5 Tips for Importers’ Success in Dealing with Customs Bonds

Did you know that US importers are required to obtain a customs bond for every shipment with a value of $2500 or more, even if the imported goods are duty-free? While the concept of a customs bond might seem complicated, it is actually pretty straightforward. A customs bond, or an importer’s bond, is a binding agreement between the three parties: importer, bond surety company, and the US Customs and Border Protection (CBP), the Principal, Surety, and Obligee, respectively. Essentially, a customs bond serves as a guarantee that customs duties and other import-related fees are paid to CBP even in case the importer defaults on payments for one reason or another.

Two basic types of CBP bonds used by importers are single entry bonds and continuous bonds. A single-entry bond, also called a single transaction bond (STB), can be used for importing a single shipment and must be filed directly at the port of entry. Continuous bonds (CB), unlike single transaction bonds, cover multiple entries regardless of their frequency or value and can be used for entering goods at multiple US ports. They are effective for one year and may be renewed numerous times.

The importer is ultimately responsible for placing the bond, but it is CBP that determines the required bond amount. For a single-entry bond, it is calculated based on the value of an individual shipment, with a minimum of $100. However, if imported goods are regulated by partner government agencies, such as FDA, the required bond amount might be set much higher, up to three times thevalue. In case with continuous customs bonds, the bond amount is determined based on the estimate of total duties, taxes, and fees paid by the importer yearly. This number is then multiplied by 10% and rounded to the nearest $10,000 for bonds up to $100,000, or to the nearest $100,000 for bonds over $100,000, with minimum set by the CBP at $50,000.

The KlearNow team understands that navigating the world of customs bonds might be challenging for both beginners and already established importers. This is why we are sharing our 5 tips to importers which will help with success for your business when dealing with customs import bonds.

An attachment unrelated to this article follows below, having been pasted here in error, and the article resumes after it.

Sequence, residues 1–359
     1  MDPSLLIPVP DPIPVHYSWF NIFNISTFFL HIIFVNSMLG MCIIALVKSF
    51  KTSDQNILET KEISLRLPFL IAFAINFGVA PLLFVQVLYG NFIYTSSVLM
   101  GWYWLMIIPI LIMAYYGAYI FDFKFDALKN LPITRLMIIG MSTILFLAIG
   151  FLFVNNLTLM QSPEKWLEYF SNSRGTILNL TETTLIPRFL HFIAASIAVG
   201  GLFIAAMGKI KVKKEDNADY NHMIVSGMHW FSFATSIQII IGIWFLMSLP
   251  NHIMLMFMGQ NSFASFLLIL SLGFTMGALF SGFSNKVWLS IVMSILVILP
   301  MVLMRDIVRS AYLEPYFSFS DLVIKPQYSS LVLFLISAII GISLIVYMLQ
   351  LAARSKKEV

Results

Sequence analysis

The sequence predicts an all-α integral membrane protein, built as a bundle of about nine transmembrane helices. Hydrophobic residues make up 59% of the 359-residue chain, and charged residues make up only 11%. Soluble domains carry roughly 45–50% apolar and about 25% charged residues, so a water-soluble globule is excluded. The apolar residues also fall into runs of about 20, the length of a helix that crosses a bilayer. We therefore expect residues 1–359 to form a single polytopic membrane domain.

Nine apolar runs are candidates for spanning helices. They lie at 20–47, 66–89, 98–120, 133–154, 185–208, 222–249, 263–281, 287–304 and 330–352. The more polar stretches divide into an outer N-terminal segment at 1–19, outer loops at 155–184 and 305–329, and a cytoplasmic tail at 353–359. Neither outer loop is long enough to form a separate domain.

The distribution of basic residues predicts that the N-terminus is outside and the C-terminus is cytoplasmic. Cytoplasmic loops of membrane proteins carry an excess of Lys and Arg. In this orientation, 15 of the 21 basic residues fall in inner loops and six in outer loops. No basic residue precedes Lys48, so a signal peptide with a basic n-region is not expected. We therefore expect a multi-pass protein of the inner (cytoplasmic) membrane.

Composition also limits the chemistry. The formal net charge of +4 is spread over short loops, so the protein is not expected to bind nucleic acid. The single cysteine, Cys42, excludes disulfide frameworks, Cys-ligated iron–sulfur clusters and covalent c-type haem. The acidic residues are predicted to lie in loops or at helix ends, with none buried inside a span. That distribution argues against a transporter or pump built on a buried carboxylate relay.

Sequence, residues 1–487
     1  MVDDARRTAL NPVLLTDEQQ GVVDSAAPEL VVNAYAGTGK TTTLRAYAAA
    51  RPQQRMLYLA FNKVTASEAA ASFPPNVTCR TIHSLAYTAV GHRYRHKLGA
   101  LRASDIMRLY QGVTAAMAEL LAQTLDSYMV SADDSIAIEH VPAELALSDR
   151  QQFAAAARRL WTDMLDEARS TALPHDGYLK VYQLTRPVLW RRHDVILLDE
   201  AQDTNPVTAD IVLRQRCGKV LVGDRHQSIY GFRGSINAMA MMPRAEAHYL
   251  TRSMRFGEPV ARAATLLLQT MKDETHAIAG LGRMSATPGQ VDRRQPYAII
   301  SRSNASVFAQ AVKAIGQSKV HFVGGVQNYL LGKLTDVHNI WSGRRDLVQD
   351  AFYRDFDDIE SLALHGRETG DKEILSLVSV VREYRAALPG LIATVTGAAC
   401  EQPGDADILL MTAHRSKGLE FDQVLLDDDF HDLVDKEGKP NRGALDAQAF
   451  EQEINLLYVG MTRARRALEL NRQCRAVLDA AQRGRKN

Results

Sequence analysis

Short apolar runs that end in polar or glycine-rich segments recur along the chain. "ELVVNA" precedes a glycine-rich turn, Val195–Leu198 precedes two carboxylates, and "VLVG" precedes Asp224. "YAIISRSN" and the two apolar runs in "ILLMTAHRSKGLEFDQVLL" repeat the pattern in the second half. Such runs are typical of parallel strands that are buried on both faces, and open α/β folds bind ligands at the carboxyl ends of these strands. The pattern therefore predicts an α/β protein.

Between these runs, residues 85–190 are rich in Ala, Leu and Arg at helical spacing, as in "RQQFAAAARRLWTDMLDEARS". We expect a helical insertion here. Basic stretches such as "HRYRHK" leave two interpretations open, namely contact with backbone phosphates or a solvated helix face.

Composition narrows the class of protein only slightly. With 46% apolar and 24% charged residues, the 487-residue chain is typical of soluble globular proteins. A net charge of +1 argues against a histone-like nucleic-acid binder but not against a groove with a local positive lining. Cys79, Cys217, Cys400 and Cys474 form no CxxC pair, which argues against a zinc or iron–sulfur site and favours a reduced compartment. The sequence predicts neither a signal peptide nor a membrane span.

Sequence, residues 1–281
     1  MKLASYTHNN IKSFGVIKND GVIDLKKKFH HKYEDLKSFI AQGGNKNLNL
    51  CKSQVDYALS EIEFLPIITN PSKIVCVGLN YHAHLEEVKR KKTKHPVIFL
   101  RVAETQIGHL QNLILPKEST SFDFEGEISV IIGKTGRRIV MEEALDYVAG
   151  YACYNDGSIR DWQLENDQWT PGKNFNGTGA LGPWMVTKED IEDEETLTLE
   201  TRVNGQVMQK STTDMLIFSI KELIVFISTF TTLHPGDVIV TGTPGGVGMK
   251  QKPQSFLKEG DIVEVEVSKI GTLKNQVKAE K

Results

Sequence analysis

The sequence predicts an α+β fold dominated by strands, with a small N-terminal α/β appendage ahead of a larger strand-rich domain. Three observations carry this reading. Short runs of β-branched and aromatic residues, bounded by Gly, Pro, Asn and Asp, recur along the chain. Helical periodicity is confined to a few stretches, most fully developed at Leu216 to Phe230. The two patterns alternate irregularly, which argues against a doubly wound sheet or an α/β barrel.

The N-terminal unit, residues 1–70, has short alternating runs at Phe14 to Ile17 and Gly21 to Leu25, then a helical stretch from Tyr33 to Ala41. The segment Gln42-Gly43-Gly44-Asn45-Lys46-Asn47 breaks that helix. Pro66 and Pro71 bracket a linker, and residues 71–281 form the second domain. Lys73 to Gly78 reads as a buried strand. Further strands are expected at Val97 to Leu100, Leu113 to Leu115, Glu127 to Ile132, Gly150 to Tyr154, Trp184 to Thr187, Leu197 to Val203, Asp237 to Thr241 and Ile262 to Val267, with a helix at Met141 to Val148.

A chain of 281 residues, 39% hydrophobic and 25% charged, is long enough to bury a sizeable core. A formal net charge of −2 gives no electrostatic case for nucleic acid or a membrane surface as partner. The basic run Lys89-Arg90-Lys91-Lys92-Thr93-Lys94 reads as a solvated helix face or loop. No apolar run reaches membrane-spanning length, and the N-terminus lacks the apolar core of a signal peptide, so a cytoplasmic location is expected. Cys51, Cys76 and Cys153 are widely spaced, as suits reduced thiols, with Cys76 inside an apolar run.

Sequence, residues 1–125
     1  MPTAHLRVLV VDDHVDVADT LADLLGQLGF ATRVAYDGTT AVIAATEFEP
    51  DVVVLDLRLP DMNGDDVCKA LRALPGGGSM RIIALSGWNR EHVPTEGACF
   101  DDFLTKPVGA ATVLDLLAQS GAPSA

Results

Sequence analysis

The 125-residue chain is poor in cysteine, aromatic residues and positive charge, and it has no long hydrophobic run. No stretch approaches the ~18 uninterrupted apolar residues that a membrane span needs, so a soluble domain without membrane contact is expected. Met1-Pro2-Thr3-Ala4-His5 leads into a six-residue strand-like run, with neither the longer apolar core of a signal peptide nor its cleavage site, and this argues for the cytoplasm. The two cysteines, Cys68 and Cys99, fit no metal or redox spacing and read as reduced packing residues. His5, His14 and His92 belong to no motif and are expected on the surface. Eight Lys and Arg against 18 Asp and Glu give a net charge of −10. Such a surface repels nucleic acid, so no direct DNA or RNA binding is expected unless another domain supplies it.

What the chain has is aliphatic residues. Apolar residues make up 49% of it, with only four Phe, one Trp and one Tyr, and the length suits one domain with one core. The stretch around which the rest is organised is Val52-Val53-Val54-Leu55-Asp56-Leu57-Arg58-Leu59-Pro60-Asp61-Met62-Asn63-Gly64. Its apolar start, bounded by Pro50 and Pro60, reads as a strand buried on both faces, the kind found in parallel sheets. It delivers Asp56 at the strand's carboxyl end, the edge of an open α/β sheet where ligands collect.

1. Choose the type of customs bond wisely

Deciding which type of customs bond to obtain is ultimately up to the importer, and it should reflect the needs of each individual’s circumstances. While single entry bonds may work well for importers with a few low value customs entries per year, a continuous bond may save the importer both money and time if yearly import volume is more significant and/or includes entries with high values at multiple ports. Another thing to remember is that all US ocean imports require Importer Security Filing (ISF). While continuous customs bonds already include ISF bonds, single transaction bonds do not, and in this case ISF bonds will need to be purchased separately.

2. Forecast your imports carefully

In order to correctly determine the amount of the continuous customs bond, the importer is required to forecast its import activity for the next 12 months. The CBP conducts periodic bond sufficiency reviews which could result in a letter of insufficiency with a request to increase the bond amount. It may happen at any point after the bond has been opened until the bond’s termination if CBP finds the volume of imports to be higher than initially forecasted and thus not fully covered by the bond. Importers should also keep in mind that additional tariffs applied to certain goods and active antidumping and countervailing cases may significantly increase the amount of duty they owe to the CBP, and, as a consequence, increase the required bond amount.

3. Prevent stacking of liability

It should be noted that a bond insufficiency letter contains the minimum required bond increase amount. The importer actually needs to re-assess its import activity and base the new bond amount on the accurate forecast rather than assume the bare minimum proposed will continue to be sufficient. In case if the new bond also turns out to be insufficient, customs will require yet another bond increase. This scenario often leads to so-called bond stacking, or stacking of liability, a situation when the tail of liability on a single bond remains open over multiple years. It might happen, for instance, when there are unliquidated import entries. When possible, the importer should avoid bond stacking as it may cause some undesirable side effects, such as a request for collateral from the surety company when applying for the new bond.

4. Renew the continuous customs bond timely

If you chose a continuous customs bond for your imports, be aware of when the bond expires and understand requirements for its renewal. We recommend importers to initiate the bond renewal process at least 15 calendar days before the bond expiration date. However, if the increase in bond amount is required, the bond renewal process can be started as early as 60 days prior to bond expiration. Keep in mind that requirements for customs bond renewal are not uniform across the industry. Surety companies often base their decisions on subjective reviews which take into consideration the principal’s history and aggregate liability, and some might require placement of collateral and/or indemnity.

5. Use trusted bond providers

Customs bonds may be purchased by importers from the surety companies directly or through customs brokers and freight forwarders. The great news is that KlearNow can help you obtain both single entry and continuous customs bonds. We work with reputable and experienced sureties to make sure that our customers can purchase customs bonds quickly, avoid potential issues with bond renewals, and prevent lapses in coverage. Email us at sales@klearnow.com if you need to purchase a customs bond or need more information!

Material prepared by Natalia Bailey, KlearNow Compliance Analyst